With Brown repeatedly telling Ali to “close the show” throughout round 15, Ali connected with a pair of heavy hooks that suddenly sent Bonavena toppling to the floor and landing heavily on his left side. The crowd that had been sullen sprang to life, with one ringsider leaping up and down in rapturous joy. As usual, Ali never retreated to a neutral corner as Conn tolled the count, which reached five when Bonavena regained his feet. Ali’s next punch, a right to the face, downed the dizzy Bonavena for the second time, prompting Ali to stand over his prey and raise his hands above his head. Conn tried to push Ali away but his efforts were futile. Ali was in full fighting fury and nothing, even the neutral corner rule that had been in effect since the 1920s, would deny him the finish he craved.

A big right hand to the face sent the near-helpless Bonavena to the canvas a third time, prompting Conn to wave off the fight, Ali to raise his arms in a victory pose and the Garden crowd to erupt in thunderous cheers. The concern that had enveloped them for so long was instantly replaced by a mixture of joy over the present and anticipation toward the future, a future that would now include Muhammad Ali versus Joe Frazier for the undisputed heavyweight championship.

Conn was the subject of post-fight criticism for the way he handled the 15th round knockdowns.

“In the 15th round, Conn failed to call the mandatory eight after Ringo had hit the deck for the first time, and also failed to order Clay to a neutral corner,” wrote RING founder Nat Fleischer. “Came a second knockdown and the referee again forgot the mandatory eight and the order to go to a neutral corner. A third knockdown ended the fight under the rule which hangs up a KO against a fighter who has been decked twice in one round.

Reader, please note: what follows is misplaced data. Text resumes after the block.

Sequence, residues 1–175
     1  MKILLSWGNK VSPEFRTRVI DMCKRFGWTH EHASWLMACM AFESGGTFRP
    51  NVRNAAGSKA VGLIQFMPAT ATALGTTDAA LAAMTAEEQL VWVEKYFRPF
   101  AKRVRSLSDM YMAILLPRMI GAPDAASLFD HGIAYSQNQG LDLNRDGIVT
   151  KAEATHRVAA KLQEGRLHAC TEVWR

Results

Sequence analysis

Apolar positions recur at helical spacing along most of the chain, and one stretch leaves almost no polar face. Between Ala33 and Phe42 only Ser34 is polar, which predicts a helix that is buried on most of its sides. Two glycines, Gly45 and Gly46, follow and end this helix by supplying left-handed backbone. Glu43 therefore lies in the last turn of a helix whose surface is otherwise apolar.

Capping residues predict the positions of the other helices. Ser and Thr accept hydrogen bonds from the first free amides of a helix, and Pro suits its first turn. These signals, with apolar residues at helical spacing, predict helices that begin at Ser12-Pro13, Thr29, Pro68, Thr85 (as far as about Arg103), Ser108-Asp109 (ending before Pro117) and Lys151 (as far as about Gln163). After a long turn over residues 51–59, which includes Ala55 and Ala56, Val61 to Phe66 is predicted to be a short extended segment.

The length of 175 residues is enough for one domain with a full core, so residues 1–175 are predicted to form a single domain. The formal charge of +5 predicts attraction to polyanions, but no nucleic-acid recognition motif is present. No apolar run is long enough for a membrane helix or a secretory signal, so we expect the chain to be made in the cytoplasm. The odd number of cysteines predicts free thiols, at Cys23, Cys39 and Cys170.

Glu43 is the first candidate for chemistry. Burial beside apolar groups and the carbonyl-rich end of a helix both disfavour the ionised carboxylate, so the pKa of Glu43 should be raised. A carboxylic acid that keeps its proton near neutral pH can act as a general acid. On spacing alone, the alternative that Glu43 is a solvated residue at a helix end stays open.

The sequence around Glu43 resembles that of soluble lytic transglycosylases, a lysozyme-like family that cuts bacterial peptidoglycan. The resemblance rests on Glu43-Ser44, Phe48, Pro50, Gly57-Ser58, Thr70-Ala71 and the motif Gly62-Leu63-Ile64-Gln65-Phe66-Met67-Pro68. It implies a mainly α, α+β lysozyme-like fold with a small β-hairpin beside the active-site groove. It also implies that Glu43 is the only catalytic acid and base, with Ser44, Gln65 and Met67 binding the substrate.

“When so prominent, able and reputable a referee as Conn becomes flustered in so important a fight, there is something radically wrong with the system. Especially as sloppy work is followed by no public reprimand from the chairman of the governing commission,” Fleischer concluded. (7)

December 1970 issue

The final numbers were perilously close as Ali led 191-186 in total connects thanks to his 94-34 gap in landed jabs. Bonavena, for his part, landed far more power shots (152-97) and landed his hardest blows with more precision (38%-34%). The stats reflected the judgment of the Associated Press correspondent who had Ali ahead 7-6-1. (8) The official scorecards, however, indicated that Ali was never in any danger of defeat. Referee Conn had Ali up 12-2 while judges Joe Eppy (10-3-1) and Jack Bloom (8-5-1) scored similarly.

“The layoff bothered me,” Ali told Cosell. “It showed up, I missed a lot of punches. But I’m glad it went 15, the word was I didn’t have no stamina and I think I showed more than he did. Joe Frazier couldn’t stop him. He was really out! Now we have a chance to see who the real champion of the world is.”

Ali received one vote from the man who knew best: Oscar Bonavena.

“I’m sorry that I (called) you chicken,” he said moments after Ali apologized to him about his own pre-fight rhetoric. “You (are) champion. You win with Frazier because you (are) better. You (are) boxing very well. You win with Frazier. Because you whipped me, you beat Frazier!” (9)

Frazier, of course, disagreed.

“Until the 15th I had given Oscar every round,” Frazier said from his training camp in Monticello, N.Y. “I thought Clay fought dirty, pushing Oscar around and everything like that. I’ll be ready for him.” (10)

And the world would be ready for Ali versus Frazier.

INSIDE THE NUMBERS: Ali scored three knockdowns with just eight landed power punches in round 15. Ali tired down the stretch, averaging just 26.7 punches thrown per round over the last three rounds, landing 11 per round.


(1) “Pan Am Games Legacy 1959: It’s Not Exactly Peace and Harmony,” by Earl Gustkey, Los Angeles Times, August 6, 1987

(2) “Bonavena Carries Power, Strength Through 7 Wins,” by Dan Daniel, THE RING, February 1965, p. 22

(3) Ibid, p. 22

(4) “Three Knockdowns Give Ali Win,” by The Associated Press, published in the Observer-Reporter (Washington, Pa.), December 8, 1970, p. B-8


(6) “Clay Takes 15 Rounds,” by The Associated Press, published in the Florence Times-Tri Cities Daily, p. 9

(7) “Nat Fleischer Speaks Out,” by Nat Fleischer, THE RING, April 1971, p. 5

(8) “Clay Takes 15 Rounds,” by The Associated Press, published in the Florence Times-Tri Cities Daily, p. 10


(10) “Clay Takes 15 Rounds,” by The Associated Press, published in the Florence Times-Tri Cities Daily, p. 10